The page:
What does the operation involve?

The operations for lesser toe deformities depend upon the age of presentation and type of deformity. In children the operative procedures include:

  • Flexor tenotomy: A small cut is made on the under surface of the toe and the tendon incised such that the toe can straighten. This is an operation with a quick recovery, between ten to fifteen days.
  • Tendon transfer: Flexible deformities can be helped by transferring the tendon from the bottom to the top of the toe.
  • Joint fusion: Fixed deformities which cannot be corrected by straightening the toe require a bony procedure such as joint fusion or arthroplasty.

In adults the general operations chosen are:

  • Tendon transfer: Exploration and release of the metatarsophalangeal joint
  • Joint fusion: Fixed deformities which cannot be corrected by straightening the toe require a bony procedure such as joint fusion or arthroplasty.
  • Osteotomy to the metatarsals and combined procedures to the toe: This is a more extensive surgery and involves cutting the metatarsal bone and fixing it with a screw.

Each procedure chosen for a patient is unique and the surgeon will discuss it with you. Simple procedures can be performed as a day-case under local anaesthesia, whereas others require general anaesthesia and an overnight stay.

What about pain?

You may be given a local anaesthetic nerve block to ensure immediate post-operative pain relief. Whilst you are in hospital you will be monitored and the medical staff will give you painkillers as required and prescribed. When you are at home you may find Paracetamol and/or anti-inflammatories useful for controlling any pain. Instructions on the management of pain will be given by the nursing staff before you leave the hospital.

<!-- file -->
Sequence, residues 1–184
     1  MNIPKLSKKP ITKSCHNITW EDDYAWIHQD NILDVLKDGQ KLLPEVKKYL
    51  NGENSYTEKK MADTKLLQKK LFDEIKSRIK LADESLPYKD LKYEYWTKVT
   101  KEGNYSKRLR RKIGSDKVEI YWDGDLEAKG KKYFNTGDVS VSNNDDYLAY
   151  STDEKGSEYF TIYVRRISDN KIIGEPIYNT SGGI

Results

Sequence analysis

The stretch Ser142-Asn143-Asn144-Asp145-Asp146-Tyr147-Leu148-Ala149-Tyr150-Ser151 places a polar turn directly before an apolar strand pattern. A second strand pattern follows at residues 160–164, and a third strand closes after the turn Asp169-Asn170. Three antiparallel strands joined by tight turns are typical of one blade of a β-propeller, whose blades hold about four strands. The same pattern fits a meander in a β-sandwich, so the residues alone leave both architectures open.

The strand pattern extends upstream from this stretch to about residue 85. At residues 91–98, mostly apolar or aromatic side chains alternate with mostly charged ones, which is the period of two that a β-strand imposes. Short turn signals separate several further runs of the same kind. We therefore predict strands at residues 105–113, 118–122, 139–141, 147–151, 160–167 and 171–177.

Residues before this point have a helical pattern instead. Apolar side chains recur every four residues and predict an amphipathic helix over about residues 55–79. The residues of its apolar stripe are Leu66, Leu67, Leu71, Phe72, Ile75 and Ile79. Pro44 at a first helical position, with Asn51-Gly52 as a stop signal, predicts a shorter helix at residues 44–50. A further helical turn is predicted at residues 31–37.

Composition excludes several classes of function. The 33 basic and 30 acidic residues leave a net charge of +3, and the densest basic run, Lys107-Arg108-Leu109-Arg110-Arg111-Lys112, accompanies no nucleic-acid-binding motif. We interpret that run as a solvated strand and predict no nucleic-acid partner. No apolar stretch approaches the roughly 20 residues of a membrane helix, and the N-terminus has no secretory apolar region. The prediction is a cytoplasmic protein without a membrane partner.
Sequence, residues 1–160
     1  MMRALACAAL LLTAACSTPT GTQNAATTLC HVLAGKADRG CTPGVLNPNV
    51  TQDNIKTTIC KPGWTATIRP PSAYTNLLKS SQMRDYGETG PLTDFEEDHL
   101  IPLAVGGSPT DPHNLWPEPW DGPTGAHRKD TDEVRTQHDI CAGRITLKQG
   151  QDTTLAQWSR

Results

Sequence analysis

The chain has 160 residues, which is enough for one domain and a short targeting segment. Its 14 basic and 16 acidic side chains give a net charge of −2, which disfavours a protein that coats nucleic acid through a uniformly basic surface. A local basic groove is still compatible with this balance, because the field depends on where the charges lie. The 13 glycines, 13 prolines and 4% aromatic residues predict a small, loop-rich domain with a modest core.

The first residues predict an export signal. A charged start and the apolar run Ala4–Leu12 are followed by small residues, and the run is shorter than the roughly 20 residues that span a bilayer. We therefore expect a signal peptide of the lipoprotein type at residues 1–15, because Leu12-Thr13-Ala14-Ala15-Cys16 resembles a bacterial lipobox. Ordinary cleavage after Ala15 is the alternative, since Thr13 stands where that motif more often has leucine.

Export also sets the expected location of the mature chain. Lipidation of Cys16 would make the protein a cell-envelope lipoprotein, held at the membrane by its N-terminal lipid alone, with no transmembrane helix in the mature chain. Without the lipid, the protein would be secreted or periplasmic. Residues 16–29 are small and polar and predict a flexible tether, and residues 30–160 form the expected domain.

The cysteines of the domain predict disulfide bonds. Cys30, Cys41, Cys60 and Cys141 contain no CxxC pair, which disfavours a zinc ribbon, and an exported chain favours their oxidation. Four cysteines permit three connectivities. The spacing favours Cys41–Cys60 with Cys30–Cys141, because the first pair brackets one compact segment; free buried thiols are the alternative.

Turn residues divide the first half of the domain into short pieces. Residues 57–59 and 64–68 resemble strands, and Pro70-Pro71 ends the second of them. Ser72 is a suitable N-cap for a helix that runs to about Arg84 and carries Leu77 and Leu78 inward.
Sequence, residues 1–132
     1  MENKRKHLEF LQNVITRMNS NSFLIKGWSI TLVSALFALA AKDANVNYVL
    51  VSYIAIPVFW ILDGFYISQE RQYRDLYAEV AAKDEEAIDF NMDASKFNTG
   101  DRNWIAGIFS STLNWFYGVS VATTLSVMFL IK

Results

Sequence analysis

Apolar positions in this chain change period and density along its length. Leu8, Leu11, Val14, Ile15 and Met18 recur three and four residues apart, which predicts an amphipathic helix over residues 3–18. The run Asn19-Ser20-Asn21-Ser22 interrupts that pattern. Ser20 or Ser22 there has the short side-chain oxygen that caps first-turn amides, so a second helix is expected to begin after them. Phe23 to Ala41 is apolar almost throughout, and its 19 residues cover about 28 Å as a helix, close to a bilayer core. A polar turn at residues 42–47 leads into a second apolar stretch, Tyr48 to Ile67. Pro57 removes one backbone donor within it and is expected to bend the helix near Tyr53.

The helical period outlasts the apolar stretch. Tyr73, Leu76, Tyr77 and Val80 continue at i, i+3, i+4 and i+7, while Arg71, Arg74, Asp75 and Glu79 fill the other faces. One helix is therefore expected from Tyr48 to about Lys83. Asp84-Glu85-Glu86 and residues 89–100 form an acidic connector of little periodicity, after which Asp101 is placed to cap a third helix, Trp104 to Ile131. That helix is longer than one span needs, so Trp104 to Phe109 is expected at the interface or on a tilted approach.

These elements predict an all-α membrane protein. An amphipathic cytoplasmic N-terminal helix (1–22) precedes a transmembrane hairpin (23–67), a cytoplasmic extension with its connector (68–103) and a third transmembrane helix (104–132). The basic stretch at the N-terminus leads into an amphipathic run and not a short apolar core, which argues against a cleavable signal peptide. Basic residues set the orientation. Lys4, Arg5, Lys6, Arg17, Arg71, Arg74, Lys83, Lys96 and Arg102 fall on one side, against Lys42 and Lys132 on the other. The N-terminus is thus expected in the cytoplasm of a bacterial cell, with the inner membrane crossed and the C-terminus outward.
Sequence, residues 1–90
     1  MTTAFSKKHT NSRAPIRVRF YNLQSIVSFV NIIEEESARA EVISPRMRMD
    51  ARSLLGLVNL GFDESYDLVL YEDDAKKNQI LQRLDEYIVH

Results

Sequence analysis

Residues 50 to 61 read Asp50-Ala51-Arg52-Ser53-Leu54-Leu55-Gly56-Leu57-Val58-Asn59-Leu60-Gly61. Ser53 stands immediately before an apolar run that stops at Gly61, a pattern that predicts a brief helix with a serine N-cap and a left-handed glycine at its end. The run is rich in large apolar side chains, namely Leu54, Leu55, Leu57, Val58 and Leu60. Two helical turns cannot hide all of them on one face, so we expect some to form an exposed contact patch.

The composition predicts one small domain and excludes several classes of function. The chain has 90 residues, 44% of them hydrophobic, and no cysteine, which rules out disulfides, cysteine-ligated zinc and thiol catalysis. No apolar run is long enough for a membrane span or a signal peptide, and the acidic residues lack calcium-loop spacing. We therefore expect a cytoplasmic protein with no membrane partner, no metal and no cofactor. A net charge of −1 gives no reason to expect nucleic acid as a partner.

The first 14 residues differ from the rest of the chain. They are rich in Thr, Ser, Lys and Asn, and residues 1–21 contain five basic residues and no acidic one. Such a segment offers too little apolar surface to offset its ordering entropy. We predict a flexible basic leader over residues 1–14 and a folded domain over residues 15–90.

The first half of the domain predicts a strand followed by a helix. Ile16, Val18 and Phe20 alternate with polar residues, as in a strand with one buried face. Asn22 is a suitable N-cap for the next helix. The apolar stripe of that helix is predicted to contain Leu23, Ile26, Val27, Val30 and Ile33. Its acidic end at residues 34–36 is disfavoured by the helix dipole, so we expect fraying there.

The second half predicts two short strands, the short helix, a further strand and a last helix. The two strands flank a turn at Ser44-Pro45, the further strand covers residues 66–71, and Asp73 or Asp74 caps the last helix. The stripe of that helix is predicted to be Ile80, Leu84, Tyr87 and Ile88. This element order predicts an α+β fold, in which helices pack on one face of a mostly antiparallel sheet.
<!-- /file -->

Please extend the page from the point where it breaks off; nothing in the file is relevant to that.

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How long does recovery take?

Most patients who have lesser toe surgery alone will go home on the same day. The majority of patients have only a padded dressing and bandage to the wound but there may be a wire protruding from the end of the toe to hold the toe straight during the recovery phase.

You may be given a special shoe, which helps to off load the forefoot. The physiotherapist will give instructions on how to wear the shoe as well as the use of elbow crutches.

For the first two weeks you are advised to restrict your walking distance to within the house and garden and to elevate the foot as much as possible.

What are the possible complications?

  • Infection in the wound or wire
  • Prolonged swelling (this can last 3 to 6 months)
  • Nerve injury
  • Recurrence of deformity

The above complications are rare but can occur.